the Eucharist made a deep impression on her imagination and her soul. Though
Eucharistic processions have waxed and waned in popularity, we should consider
the special opportunity provided today by this form of Eucharistic piety.
It is true that the “native environment” of the Eucharist is the Mass offered
in churches. At the same time, centuries of Catholic practice suggest that
there is indeed something uniquely enchanting, affective, and symbolic when a
To be continued…
Which are the fruits of the Holy Ghost? They are the twelve following:
should be visible in the Christian, for thereby men shall know that the Holy
Ghost dwells in him, as the tree is known by its fruit.
Notice I have placed the Fruits of the Holy
Spirit in stairstep fashion so we may reflect on them seeing that by
concentrating on each step of our growth in the spirit we may progress closer
and closer to our heavenly Father. Today we will be focusing on the Tenth step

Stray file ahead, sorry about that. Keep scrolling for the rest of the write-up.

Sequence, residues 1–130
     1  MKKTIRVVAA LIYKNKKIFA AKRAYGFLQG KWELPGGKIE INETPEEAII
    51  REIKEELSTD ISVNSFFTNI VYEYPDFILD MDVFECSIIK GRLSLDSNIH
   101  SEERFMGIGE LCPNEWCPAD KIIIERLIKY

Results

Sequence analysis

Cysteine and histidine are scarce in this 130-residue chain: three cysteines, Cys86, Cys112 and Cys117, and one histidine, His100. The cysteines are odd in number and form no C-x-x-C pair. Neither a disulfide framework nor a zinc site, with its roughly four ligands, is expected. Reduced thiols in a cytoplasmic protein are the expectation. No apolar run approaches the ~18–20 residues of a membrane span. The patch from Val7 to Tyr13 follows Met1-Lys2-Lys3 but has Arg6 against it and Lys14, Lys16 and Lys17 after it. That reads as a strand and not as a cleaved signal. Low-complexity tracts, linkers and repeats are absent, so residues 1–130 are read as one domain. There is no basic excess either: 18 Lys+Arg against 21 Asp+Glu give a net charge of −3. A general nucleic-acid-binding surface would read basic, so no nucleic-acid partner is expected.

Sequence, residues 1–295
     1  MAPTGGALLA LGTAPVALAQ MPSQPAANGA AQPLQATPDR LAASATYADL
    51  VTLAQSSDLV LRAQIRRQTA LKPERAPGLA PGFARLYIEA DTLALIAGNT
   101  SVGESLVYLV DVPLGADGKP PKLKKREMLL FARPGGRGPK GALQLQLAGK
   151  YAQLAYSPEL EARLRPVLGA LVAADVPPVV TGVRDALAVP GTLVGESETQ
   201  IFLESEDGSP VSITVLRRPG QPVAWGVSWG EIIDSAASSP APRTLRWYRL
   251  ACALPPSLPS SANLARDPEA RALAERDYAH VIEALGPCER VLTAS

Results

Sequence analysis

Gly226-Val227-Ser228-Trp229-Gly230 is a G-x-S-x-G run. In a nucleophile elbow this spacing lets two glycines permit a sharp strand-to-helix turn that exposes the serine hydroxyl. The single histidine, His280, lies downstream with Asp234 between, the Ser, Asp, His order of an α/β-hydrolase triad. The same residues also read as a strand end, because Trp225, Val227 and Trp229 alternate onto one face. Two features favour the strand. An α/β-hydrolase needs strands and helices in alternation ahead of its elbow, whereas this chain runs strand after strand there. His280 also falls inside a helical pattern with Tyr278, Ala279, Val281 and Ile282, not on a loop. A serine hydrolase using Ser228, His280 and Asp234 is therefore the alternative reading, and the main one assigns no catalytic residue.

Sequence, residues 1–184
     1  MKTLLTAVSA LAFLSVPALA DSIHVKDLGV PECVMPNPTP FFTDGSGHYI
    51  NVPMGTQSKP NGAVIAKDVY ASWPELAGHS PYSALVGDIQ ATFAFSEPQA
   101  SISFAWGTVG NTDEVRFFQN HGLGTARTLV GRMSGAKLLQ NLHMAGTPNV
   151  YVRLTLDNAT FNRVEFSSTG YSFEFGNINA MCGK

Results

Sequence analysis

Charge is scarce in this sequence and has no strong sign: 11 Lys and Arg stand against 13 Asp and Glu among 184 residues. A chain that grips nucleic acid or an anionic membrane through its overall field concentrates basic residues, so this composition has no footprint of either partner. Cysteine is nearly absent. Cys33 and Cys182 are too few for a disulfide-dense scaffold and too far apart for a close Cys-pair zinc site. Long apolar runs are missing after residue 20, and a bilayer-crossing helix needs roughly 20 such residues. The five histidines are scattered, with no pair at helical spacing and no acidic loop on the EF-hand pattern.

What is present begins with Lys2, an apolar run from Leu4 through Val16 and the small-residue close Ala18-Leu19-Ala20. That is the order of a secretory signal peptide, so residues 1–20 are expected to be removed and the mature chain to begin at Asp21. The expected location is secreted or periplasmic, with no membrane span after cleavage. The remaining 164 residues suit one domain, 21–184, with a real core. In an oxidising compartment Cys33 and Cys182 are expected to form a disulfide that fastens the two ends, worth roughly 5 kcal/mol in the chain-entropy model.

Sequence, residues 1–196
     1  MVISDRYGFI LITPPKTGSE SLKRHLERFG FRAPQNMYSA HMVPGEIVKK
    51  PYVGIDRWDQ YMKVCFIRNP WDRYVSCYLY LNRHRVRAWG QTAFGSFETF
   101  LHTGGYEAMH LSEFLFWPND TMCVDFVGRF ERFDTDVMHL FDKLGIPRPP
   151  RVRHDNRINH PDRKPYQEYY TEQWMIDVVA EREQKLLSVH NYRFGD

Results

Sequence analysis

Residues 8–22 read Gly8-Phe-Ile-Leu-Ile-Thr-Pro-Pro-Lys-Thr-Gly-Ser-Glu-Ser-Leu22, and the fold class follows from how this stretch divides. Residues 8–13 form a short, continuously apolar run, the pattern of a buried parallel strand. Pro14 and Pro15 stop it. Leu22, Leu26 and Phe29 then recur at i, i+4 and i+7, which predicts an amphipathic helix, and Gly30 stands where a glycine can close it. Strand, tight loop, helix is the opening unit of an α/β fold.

which is Joy. To
Catechism of the Catholic Church
PART ONE: THE PROFESSION OF FAITH
SECTION ONE-"I BELIEVE" -
CHAPTER THREE-MAN'S RESPONSE TO GOD
Article 1 I BELIEVE
I. The Obedience of Faith
144 To obey (from the Latin ob-audire, to "hear or
listen to") in faith is to submit freely to the word that has been heard,
because its truth is guaranteed by God, who is Truth itself. Abraham is the
model of such obedience offered us by Sacred Scripture. the Virgin Mary is its
most perfect embodiment.
Abraham - "father of all who believe"
145 The Letter to the Hebrews, in its great eulogy of the
faith of Israel's ancestors, lays special emphasis on Abraham's faith: "By
faith, Abraham obeyed when he was called to go out to a place which he was to
receive as an inheritance; and he went out, not knowing where he was to
go." By faith, he lived as a stranger and pilgrim in the promised